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‘Dubai has proven to be a great port for diamond tenders’

16 december 2019

bhavesh_javeri_xx.pngStargems, which was established by Shailesh Javeri in 1981, has been involved in the trading of rough diamonds and is now also into manufacturing, wholesaling, retailing, tendering of diamonds and diamond jewellery.

Although, the company has operations in Antwerp and Hong Kong, among other global centres, it is convinced that Dubai is a “great port for diamond tenders”, according to company managing director Bhavesh Javeri in an exclusive interview with Rough & Polished’s Mathew Nyaungwa.

He said Dubai’s diamond trade had been growing by leaps and bounds over the years and is committed to setting the standard for secure diamond trading in line with the highest quality standards.

Javeri also said that Stargems ethically sources stones for tenders from several sources, although prominent sources were Angola, the Democratic Republic of Congo and South Africa.

Below are excerpts from the interview.

What sort of services do you offer as Stargems?

Stargems is a global, vertically integrated diamond company with a 38-year legacy in the industry. The company specialises in the sourcing of rough diamonds; Stargems hosts diamond tenders for the distribution of these goods. Furthermore, Stargems is involved in the manufacturing and polishing of rough diamonds, as well as the wholesale and retail of polished diamonds and jewellery.

Why did you choose Dubai to conduct your diamond tenders?

Dubai has proven to be a great port for diamond tenders. Diamonds have played an illustrious role in Dubai's heritage as a gateway for global trade. In the last 20 years Dubai’s diamond trade (total import, export rough and polished) has grown from $3.6 billion in 2003 to just over $25 billion in 2018. Loose diamonds represent just under 5% of UAE’s imports and exports. Today Dubai is committed to setting the standard for secure diamond trading in line with the highest quality standards. The DMCC has investments in world-class infrastructure and services include the Dubai Diamond Exchange (DDE), DDE Vault, commitment to the Kimberley Process and so on.

Furthermore, the diamond hub of Surat, India is now linked to the UAE. What this means is that Dubai now has direct access to the world’s largest diamond polishing and cutting centres. Dubai offers ease of travel (direct flights, easy visa procedures), is time-saving (clients can participate in the tender and return to Surat in one or two days) and is cost-effective.

In addition, the proximity to the diamond mines in places like Africa and Russia, among others, makes it a preferred centre for the miners.

Is there a cold war between diamond hubs?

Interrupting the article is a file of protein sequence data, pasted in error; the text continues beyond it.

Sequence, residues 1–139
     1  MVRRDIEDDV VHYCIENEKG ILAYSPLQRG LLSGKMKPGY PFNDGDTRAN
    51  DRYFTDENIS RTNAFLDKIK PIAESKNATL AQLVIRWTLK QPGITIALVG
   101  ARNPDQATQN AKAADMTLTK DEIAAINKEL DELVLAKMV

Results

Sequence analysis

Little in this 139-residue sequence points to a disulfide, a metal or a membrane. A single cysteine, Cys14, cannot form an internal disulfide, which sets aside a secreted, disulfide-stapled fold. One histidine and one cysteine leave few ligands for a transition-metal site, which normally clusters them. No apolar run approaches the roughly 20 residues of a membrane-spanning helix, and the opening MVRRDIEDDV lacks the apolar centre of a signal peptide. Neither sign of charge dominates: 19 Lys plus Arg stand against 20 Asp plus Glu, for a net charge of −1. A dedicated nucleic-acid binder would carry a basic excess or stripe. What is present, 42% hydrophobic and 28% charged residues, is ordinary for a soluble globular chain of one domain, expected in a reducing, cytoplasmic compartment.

As with other industries, there is competition between the diamond trading centers with changing market dynamics. The diamond distribution channel is constantly evolving. While New York, Antwerp and Tel Aviv were the obvious destinations for the diamond business in the past, now Dubai, Hong Kong and Gaborone have increased their relevance. We have offices in Antwerp, Dubai, Johannesburg, Mumbai and Hong Kong. We go where the best commercial opportunities are. Healthy competition is always encouraged, however, I would not call it a cold war.

We are seeing how diamond trade is being split between old and new global hubs, including a historical retrospect of ups and downs in their trade in recent years and their current competition for diamond market customers. What is your comment on this?

The industry has seen a variation in financial assistance in different centers globally. We see a shift in trade to areas where more financing possibilities are available. However, such changes are part of evolving market dynamics.

How many African countries are bringing their stones to Stargems for sale?

Stargems sources stones for tenders from several sources, some of the prominent sources being Angola, Democratic Republic of Congo and South Africa.

What measures are you taking to ensure you are selling ethically mined diamonds?

The Kimberley Process was created in order to guarantee conflict free diamonds. It’s is a stringent certification system that attempts to stop rough diamonds from entering the global market illegally. We at Stargems ensure all our imports and exports follow the policies of the Kimberley Process and the World Diamond Council system of warranties very strictly. Moreover, we do due diligence on partners and only work with companies who deal in ethically sourced diamonds.

What is your assessment of the diamond market this year?

This year, there has been slowdown in the industry due to multiple factors. Socio-political issues such as the US-China trade war and protests in Hong Kong have added additional pressure to polished diamond demand. Jewellery retailers have increasingly made the choice to stock less and buy more goods on demand; this is in turn affected the polished diamond sector. The onus of holding inventory was left with the mid-stream, and coupled with a reduction in financial assistance in the industry this has hurt polish prices. However, manufacturing has come to a more sustainable level…

Your projection of the state of the diamond market in 2020?

We believe that the market will stabilise in 2020. Rough diamond prices have been corrected to sustainable levels with the current polished diamond prices.

Mathew Nyaungwa, Editor in Chief of the African Bureau, Rough&Polished